The production has been ably directed by Jeff Steitzer, whose cast is as good as any I have seen in this play. I particularly enjoyed Lee Stark as Hypatia, Dan Daily as the underwear manufacturer/pater familias John Tarleton and Sean McCall as a distraught young man with a gun determined to revenge his wronged mother by shooting Tarleton.
Daily sounds uncannily like Philip Bosco, whom I once saw in the role. Close your eyes and you’ll swear it’s Phil.
If you love Shaw, this Misalliance is not to be missed.
I was most amused by Maripat Donovan’s Sister’s Christmas Catechism, at Downstairs at Sofia’s, a charming piece of Christmas fluff wherein we are part of a catechism class preparing for the church’s annual Nativity Tableau, led by a cheerful though sometimes caustic nun. This is something of a sequel to Late Night Catechism, which ran for several years off Broadway, and is almost as funny. In this one, Sister enlists audience members to take on the various roles in the Nativity Story – and, she solves the mystery of what happened to the gold one of the magi brought.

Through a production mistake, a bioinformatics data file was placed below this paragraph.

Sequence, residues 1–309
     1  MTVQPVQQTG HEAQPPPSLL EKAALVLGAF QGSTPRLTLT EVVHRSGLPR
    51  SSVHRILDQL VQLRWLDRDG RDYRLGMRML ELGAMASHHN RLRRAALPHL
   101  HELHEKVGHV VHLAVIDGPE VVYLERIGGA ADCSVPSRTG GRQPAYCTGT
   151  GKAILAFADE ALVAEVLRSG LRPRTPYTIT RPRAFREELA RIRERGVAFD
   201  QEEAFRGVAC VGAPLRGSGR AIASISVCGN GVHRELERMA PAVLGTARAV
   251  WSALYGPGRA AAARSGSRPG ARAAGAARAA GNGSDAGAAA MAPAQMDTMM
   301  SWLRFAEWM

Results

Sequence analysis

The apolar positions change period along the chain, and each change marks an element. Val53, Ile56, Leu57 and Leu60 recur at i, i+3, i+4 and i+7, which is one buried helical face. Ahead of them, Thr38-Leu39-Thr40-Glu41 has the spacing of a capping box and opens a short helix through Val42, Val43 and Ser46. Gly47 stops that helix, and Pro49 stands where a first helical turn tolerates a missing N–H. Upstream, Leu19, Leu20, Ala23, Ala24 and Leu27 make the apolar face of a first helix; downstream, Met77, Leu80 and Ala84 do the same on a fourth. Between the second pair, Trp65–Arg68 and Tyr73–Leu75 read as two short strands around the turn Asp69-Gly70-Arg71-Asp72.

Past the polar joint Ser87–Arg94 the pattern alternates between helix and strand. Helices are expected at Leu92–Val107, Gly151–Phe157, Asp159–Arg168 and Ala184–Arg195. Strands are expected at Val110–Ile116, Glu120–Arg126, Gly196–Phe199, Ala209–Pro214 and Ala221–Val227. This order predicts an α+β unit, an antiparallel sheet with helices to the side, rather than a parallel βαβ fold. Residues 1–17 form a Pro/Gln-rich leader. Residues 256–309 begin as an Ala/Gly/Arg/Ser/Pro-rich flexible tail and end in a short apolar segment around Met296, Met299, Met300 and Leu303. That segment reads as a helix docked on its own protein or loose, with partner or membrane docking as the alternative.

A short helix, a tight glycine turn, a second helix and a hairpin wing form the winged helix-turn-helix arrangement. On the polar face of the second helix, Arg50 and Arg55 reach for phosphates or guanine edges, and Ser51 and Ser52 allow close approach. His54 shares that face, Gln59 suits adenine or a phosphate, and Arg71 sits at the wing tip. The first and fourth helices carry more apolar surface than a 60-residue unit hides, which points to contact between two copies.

It’s all great fun – particularly if you’re Catholic, as was my jolly companion. I was disappointed not to see Ms. Donovan as Sister (she did the role the first two weeks of the run) but her replacement, Kathryn Gallagher, was very funny.
Sorry to be telling you about this show so late. It was great fun.
THE STARRY MESSENGER. Acorn Theatre.
RACE. Ethel Barrymore Theatre, 243 W. 47th St.
TICKETS: www.telecharge.com. 212-239-6200.
A LITTLE NIGHT MUSIC. Walter Kerr Theatre, 219 W. 48th St.
TICKETS: www.telecharge.com. 212-239-6200.
MISALLIANCE. City Center Stage II, 151 W. 55th St.
SISTER’S CHRISTMAS CATECHISM. Downstairs at Sofia’s.